The more imminent danger is her falling over and banging her head on the corner of the coffee table. She's walking, but not perfectly stable yet.
"dsakey" on trademe. Apple II's are my thing.
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Re: Anyone use a vintage computer for a task today?

Postby pavery on Tue Sep 06, 2011 5:08 pm

My wife uses her TRS-80 Model 100 a lot. Whenever she returns from the shops, she enters her spending into it, and it pops back with a monthly total. While a spreadsheet could easily achieve this, I chose to write a Basic program that totals amounts held in a data file. This makes *using* "Budget" easy as you update your spending using the excellent in-built Text Editor, then run the basic prog occasionally to give a total.

Also yesterday she used her M100 to type up a 3-page hand-written article for a newsletter which I produce. This is for the Military Vehicle Collectors Club. The M100 from 1983 has an excellent keyboard - quality seldom seen on today's products.

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Re: Anyone use a vintage computer for a task today?

Postby Carcenomy on Tue Sep 06, 2011 6:39 pm

My CDTV is installed in my every day home theatre setup - it acts as the CD player, loungeroom clock and a quick way to jam out some Alien Breed if I feel the need :)

Other than that, the vintage machines live in their own room and aren't typically used on a daily basis - maybe once a month they'll get a run up.
Just the local Commodore hobo and middle-aged PC hoarder.
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Re: Anyone use a vintage computer for a task today?

Postby tezza on Wed Sep 07, 2011 1:04 pm

pavery wrote:Also yesterday she used her M100 to type up a 3-page hand-written article for a newsletter which I produce. This is for the Military Vehicle Collectors Club. The M100 from 1983 has an excellent keyboard - quality seldom seen on today's products.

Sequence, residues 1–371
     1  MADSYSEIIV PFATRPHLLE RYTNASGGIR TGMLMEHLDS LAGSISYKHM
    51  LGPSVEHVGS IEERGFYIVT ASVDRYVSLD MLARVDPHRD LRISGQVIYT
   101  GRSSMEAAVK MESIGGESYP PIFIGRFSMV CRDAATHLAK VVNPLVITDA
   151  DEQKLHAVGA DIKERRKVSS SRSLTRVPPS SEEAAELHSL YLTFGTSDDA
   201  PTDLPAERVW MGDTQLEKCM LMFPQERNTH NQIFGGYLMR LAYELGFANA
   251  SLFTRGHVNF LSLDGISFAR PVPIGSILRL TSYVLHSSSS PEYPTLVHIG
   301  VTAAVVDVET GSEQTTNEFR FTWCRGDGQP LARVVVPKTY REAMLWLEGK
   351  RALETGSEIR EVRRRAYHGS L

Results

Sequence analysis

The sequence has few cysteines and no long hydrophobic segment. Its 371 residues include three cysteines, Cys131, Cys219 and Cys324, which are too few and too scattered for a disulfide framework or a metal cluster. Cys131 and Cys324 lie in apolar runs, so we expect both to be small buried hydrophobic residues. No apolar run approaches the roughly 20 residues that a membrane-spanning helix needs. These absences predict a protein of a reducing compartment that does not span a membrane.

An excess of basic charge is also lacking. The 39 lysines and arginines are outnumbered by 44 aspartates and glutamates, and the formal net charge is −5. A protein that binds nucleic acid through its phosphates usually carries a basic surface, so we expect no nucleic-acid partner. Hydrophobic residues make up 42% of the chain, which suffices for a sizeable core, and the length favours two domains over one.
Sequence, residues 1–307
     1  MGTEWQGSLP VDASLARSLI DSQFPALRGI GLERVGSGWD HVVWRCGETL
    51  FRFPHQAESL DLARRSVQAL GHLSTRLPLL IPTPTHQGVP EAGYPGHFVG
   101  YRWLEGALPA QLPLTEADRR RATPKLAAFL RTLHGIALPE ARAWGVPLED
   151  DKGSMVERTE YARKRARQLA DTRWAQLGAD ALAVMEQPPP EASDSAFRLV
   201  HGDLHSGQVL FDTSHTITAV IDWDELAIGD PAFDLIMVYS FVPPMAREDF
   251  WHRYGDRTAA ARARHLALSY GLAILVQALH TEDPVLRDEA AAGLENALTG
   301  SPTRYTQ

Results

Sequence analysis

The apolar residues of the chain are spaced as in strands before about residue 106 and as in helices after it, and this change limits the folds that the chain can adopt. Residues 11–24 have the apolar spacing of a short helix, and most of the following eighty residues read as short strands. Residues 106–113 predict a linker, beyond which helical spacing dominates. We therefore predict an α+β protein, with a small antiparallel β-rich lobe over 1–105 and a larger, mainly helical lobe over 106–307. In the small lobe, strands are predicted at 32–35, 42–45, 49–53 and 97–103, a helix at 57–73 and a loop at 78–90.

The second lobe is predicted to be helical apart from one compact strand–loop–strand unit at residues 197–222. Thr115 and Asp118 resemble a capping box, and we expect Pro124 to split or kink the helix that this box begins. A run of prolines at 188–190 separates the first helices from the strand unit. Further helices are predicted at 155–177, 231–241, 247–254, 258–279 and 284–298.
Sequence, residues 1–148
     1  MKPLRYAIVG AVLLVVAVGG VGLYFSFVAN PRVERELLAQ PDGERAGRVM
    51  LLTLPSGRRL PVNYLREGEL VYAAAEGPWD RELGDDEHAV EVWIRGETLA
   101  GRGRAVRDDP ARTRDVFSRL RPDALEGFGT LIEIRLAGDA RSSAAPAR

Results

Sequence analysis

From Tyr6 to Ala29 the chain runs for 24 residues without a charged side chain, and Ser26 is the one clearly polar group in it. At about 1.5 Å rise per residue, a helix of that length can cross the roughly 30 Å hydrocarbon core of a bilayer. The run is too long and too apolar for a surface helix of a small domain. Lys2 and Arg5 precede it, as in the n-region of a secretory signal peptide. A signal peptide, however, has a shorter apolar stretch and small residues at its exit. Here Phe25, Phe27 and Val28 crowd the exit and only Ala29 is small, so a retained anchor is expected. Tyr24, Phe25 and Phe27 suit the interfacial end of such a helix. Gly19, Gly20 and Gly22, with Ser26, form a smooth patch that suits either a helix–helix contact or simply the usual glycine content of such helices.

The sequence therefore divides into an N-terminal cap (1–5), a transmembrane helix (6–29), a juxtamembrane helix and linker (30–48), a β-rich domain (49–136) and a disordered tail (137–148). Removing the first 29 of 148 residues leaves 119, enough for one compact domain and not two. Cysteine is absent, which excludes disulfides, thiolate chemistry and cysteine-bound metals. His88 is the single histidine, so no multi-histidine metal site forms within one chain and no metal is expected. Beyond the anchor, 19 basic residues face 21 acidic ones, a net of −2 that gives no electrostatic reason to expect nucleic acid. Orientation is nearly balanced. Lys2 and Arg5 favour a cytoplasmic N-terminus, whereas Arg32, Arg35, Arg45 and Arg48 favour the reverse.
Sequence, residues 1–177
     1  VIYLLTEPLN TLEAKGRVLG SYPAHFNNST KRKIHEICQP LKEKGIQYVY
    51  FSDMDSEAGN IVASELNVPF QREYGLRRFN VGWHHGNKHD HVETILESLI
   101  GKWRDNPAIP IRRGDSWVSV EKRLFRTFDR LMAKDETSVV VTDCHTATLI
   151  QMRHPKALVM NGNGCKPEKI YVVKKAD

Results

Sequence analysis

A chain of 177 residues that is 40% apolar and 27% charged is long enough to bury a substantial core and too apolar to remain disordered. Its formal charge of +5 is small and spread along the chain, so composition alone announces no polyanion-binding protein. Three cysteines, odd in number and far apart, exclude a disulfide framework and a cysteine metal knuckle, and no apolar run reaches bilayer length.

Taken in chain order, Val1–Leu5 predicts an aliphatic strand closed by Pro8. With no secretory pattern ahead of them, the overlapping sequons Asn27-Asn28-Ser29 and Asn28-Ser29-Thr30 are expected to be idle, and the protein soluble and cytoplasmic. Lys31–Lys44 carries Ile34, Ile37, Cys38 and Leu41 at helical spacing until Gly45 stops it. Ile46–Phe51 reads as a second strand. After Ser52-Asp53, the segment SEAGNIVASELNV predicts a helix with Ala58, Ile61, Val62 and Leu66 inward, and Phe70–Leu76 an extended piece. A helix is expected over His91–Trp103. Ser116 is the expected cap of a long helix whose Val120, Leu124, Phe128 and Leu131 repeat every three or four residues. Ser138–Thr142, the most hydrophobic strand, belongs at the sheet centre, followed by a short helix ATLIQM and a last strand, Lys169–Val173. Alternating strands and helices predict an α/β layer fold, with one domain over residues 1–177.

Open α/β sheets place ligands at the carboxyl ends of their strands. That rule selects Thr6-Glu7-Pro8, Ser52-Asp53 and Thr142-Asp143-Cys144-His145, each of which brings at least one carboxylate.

I agree about the M100 keyboard Philip. It's great to type on. I only wish the cursor keys were in a diamond like the NEC 8201a. That's the only thing I don't like about editing on the M100.

Good to see vintage machines being used though. I know your Kaypro gets a workout now and again too. Actually the Kaypro II looks like it belongs in one of those jeeps of yours. :)
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Re: Anyone use a vintage computer for a task today?

Postby XOR on Wed Nov 02, 2011 4:38 am

I use an original DEC VT100 terminal most days. It's the primary console for a Perle terminal server that I use for managing some old Sun servers.

According to build sticker on the back it was manufactured in late 1979.

It still works perfectly.
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Re: Anyone use a vintage computer for a task today?

Postby WelshWizard on Wed Nov 02, 2011 9:08 am

the one 800xl was used for either control of lights or blowing eproms it went into some disuse due to the old style eproms not being needed and a $12 timming switch
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Re: Anyone use a vintage computer for a task today?

Postby lizardb0y on Wed Nov 02, 2011 9:22 am

I use a Sinclair Z88 for note taking with some regularity. Its 20 hour battery life on 4 x AA and one year standby, combined with a very usable full size keyboard and light weight, make it very good for this purpose. Unfortunately I can only get the serial transfer working at 9K6, but better than a punch in the face nonetheless.